Martin, John H.
The following data is extracted from Reminiscent History Of The Ozark Region, pub. Goodspeed Brothers, Publishers, Chicago 1894.
JOHN H. MARTIN. Douglas County, Missouri, is well known for its successful, thrifty and enterprising farmers, and for its well-tilled and fertile farms, and among those successfully engaged in agricultural pursuits is John H. Martin, who was born in Blount County, Tennessee, July 27, 1842, a son of Adrian and Sallie (Kerr) Martin, natives of Tennessee, and grandson of John Martin, a native of Massachusetts, who was a soldier in the Revolutionary War and who removed to Tennessee at an early day. The maternal grandfather, David Kerr, was a Tennesseean and was a son of one of the early pioneers of that State. Adrian Martin was a successful tiller of the soil and died in Tennessee in 1873, in which State his widow is still living. Their children are: John H.; Elizabeth A., wife of John N. Hutton, of Tennessee; Mary C., wife of Simeon Griffith,of Tennessee; Sarah E.,who died young; Jesse L.is in the livery bus-iness in Ava, Missouri; David C. is a man of family, and resides in Tennessee, and James M., who is living in Ava, is also in the livery business. The mother is a member of the Methodist Episcopal Church as was also the father. The subject of this sketch passed his school days in Blount County, and at the age of eighteen years enlisted in Company H., Second Tennessee Cavalry, which formed a part of the Army of the Cumberland, United States Army, and served from the 7th of November, 1861, up to the 27th of June, 1865, the first year being in the Home Guards. He was at Mill Springs, Big Hill, Pine Knot, Perryville, Stone River, Franklin, Bell Fountain, Chickamauga, Jasper, Kingston, and others. At Franklin he was injured by his horse falling on him, very soon after which he took the measles and was sick for quite a long time. Upon recovering he was transferred to a veteran transport regiment and was steward on the "Jennie Hopkins" on the Mississippi River till the close of the war, and assisted in taking back to the North the discharged Union soldiers. He still suffers from the injury he received in the service, but soon recovered from the bullet wound he received in the leg. In 1867 he was married, and in 1871 removed with his family to Cedar County, Missouri, a year later to Dade County, in 1879 to Wright County, in 1880 to Douglas County, and in 1887 settled on his farm in the vicinity of Ava. In 1886 he was elected circuit clerk and recorder of Douglas County (a position he held four years) by the Republicans of that section, the principles of which party he has always supported. He has a well improved farm of 120 acres near Ava, and another containing 240 acres seven miles northeast of town. He has given considerable attention to the raising of stock, also cures a large amount of hay on his land each year, and has a very large and fine orchard. He is a member of the G. A. R., the A. F. & A. M., and he and his wife are members of the Methodist Episcopal Church. He is one of the stewards, is active in Sunday-school work, and for seven years has been president of the Douglas County Sunday-school Association. His wife, whose maiden name was Sarah C. Best, is a daughter of Jacob Best, of Tennessee. To Mr. and Mrs. Martin the following children have been given: Homer O., Bissie I. (wife of Joseph Elmire), Inez M., John H. and Sarah C. Three children died in early infancy.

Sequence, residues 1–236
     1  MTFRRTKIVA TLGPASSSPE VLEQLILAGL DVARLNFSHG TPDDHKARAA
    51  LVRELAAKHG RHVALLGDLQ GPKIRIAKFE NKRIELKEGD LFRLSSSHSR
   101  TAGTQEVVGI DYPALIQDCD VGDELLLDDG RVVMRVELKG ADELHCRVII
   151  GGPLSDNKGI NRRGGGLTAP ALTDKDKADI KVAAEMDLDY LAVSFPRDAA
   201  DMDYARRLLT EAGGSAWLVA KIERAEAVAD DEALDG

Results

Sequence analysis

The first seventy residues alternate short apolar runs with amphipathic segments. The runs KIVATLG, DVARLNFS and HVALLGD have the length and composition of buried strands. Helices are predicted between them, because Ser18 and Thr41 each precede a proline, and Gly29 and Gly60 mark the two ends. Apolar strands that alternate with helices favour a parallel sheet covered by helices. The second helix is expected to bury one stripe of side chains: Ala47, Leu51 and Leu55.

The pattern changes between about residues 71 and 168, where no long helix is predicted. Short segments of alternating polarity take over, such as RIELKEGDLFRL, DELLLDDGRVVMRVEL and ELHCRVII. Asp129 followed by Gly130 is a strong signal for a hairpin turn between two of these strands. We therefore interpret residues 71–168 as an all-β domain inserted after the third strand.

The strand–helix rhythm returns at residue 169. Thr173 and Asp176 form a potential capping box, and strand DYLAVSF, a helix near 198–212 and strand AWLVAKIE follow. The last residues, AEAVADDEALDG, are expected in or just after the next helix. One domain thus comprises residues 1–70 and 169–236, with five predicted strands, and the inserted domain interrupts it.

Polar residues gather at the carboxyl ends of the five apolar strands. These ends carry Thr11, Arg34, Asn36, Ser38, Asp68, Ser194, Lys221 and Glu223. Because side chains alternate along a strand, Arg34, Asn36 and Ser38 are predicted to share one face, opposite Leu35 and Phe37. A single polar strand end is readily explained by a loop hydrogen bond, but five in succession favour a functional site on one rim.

Source: Reminiscent History Of The Ozark Region, pub. Goodspeed Brothers, Publishers, Chicago 1894